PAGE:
In the decades preceding the Civil War, up to 100,000 slaves escaped to the Northern free states or the “promised land” of Canada. Most received help along the way from abolitionists, who ran a vast, loosely organized and constantly changing set of routes that came to be known as the Underground Railroad. From “conductors” (who guided slaves) to “stationmasters” (who owned safe houses) to “stockholders” (who donated money and goods), here are some of the Underground Railroad’s most notable participants.

Isaac Hopper

Isaac Hopper engraving. (Credit: Public Domain)
Isaac Hopper engraving. (Credit: Public Domain)

Quakers played a huge role in the formation of the Underground Railroad, with George Washington complaining as early as 1786 that a “society of Quakers, formed for such purposes, have attempted to liberate” a neighbor’s slave. Anti-slavery sentiment was particularly prominent in Philadelphia, where Isaac Hopper, a convert to Quakerism, established what one author called “the first operating cell of the abolitionist underground.” In addition to hiding runaways in his own home, Hopper organized a network of safe havens and cultivated a web of informants so as to learn the plans of fugitive slave hunters. Though a tailor by trade, he also excelled at exploiting legal loopholes to win slaves’ freedom in court. A friend of Joseph Bonaparte, the exiled brother of the former French emperor, Hopper moved to New York City in 1829. There, he continued helping escaped slaves, at one point fending off an anti-abolitionist mob that had gathered outside his Quaker bookstore.

John Brown

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A militant abolitionist, John Brown (1800-1859) stormed the federal armory at Harper’s Ferry, West Virginia in 1859. Unsuccessful, he was captured and hanged, though not before garnering national attention. (Credit: CORBIS)

Like his father before him, John Brown actively partook in the Underground Railroad, harboring runaways at his home and warehouse and establishing an anti-slave catcher militia following the 1850 passage of the Fugitive Slave Act. With several of his sons, he then participated in the so-called “Bleeding Kansas” conflict, leading one 1856 raid that resulted in the murder of five pro-slavery settlers. Another raid in December 1858 freed 11 slaves from three Missouri plantations, after which Brown took his hotly pursued charges on a nearly 1,500-mile journey to Canada. Becoming ever more radicalized, Brown’s final action took place in October 1859, when he and 21 followers seized the federal armory in Harpers Ferry, Virginia (now West Virginia), in an attempt to foment a large-scale slave rebellion. Caught and quickly convicted, Brown was hanged to death that December.

Harriet Tubman

list women civil war spies tubman
Born a slave on Maryland’s Eastern Shore, Harriet Tubman endured constant brutal beatings, one of which involved a two-pound lead weight and left her suffering from seizures and headaches for the rest of her life. Worried that she would be sold and separated from her family, Tubman fled bondage in 1849, following the North Star on a 100-mile trek into Pennsylvania. Nicknamed “Moses,” she would go on to become the Underground Railroad’s most famous “conductor,” embarking on about 13 rescue operations back into Maryland and pulling out at least 70 slaves, including several siblings. A master of ingenious tricks, such as leaving on Saturdays, two days before slave owners could post runaway notices in the newspapers, she boasted of having never lost a single passenger. Tubman continued her anti-slavery activities during the Civil War, serving as a scout, spy and nurse for the Union Army and even reportedly becoming the first U.S. woman to lead troops into battle.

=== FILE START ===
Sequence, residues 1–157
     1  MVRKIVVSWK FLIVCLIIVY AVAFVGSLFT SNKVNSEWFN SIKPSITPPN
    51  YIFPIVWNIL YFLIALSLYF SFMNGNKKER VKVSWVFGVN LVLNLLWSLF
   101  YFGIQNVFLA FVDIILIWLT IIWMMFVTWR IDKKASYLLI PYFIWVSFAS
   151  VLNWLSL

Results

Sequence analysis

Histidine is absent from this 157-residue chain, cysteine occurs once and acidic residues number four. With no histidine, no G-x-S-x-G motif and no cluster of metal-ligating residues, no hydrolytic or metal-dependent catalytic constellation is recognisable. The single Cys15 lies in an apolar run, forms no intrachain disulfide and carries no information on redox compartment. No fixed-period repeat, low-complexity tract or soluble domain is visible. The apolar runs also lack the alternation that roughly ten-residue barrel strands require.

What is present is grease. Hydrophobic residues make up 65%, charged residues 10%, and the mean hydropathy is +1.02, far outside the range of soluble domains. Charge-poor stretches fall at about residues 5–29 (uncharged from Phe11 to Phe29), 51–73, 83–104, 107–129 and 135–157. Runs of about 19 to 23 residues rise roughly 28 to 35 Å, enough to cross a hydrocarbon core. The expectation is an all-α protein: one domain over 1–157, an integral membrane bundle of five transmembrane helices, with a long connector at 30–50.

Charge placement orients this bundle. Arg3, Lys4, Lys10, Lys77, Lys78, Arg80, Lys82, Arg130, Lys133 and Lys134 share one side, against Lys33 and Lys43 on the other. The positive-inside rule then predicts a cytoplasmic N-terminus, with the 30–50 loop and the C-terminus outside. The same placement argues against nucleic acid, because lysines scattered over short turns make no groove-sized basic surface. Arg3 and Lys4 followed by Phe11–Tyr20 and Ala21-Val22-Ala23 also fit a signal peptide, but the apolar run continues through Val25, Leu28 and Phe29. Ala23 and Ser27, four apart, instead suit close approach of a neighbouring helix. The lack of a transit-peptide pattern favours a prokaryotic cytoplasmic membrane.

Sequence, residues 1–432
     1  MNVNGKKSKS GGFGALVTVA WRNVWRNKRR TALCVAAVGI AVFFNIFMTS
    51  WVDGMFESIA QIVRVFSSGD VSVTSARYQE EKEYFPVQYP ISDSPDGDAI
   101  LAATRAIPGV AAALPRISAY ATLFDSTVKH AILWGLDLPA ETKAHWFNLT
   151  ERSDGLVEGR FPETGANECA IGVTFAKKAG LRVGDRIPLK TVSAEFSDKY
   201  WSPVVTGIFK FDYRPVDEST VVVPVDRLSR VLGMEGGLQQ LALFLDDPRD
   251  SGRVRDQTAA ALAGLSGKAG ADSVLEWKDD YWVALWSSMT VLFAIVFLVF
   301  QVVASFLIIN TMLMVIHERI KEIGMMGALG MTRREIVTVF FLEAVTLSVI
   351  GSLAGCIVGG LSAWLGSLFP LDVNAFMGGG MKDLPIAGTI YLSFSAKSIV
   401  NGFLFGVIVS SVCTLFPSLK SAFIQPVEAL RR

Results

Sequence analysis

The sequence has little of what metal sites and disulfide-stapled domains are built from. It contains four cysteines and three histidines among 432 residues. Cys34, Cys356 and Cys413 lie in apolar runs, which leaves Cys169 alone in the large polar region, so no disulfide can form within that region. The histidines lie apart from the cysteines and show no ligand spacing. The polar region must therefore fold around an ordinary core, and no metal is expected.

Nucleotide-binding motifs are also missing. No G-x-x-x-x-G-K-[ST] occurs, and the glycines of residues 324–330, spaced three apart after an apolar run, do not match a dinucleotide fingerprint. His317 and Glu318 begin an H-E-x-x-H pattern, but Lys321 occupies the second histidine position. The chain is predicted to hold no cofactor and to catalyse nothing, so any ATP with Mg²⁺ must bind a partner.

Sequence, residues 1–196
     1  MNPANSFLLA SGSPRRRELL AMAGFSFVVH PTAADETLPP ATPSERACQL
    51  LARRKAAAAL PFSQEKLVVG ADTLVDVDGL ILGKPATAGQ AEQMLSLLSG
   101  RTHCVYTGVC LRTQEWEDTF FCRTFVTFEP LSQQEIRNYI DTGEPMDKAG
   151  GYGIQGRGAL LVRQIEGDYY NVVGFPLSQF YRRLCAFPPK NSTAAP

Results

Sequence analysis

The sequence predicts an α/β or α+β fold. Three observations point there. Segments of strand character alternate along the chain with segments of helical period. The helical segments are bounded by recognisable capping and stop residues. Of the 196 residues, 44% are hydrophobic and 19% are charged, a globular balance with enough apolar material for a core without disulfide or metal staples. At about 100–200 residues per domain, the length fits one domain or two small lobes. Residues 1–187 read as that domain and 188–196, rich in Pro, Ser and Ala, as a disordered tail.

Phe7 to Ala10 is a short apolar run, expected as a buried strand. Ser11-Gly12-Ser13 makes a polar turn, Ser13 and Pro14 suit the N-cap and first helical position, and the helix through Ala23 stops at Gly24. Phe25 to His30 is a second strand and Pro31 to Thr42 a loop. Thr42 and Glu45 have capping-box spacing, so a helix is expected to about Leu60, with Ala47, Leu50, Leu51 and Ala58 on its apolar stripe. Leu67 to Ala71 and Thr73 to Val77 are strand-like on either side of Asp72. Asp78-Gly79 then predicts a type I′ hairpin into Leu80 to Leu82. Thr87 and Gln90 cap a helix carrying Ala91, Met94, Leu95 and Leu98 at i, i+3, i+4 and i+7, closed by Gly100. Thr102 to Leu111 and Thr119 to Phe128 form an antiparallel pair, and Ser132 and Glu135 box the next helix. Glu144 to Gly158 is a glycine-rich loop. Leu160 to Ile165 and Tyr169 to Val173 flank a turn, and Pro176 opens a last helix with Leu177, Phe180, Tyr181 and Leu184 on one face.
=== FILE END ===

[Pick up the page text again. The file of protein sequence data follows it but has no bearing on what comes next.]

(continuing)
Thomas Garrett

Thomas Garrett. (Credit: Public Domain)
Thomas Garrett. (Credit: Public Domain)

On the way north, Tubman often stopped at the Wilmington, Delaware, home of her friend Thomas Garrett, a Quaker “stationmaster” who claimed to have aided some 2,750 fugitive slaves prior to the outbreak of the Civil War. Along with a place to stay, Garrett provided his visitors with money, clothing and food and sometimes personally escorted them arm-in-arm to a safer location. Occupational hazards included threats from pro-slavery advocates and a hefty fine imposed on him in 1848 for violating fugitive slave laws. Yet he determinedly carried on. “I should have done violence to my convictions of duty, had I not made use of all the lawful means in my power to liberate those people,” he said in court, adding that “if any of you know of any poor slave who needs assistance, send him to me, as I now publicly pledge myself to double my diligence and never neglect an opportunity to assist a slave to obtain freedom.”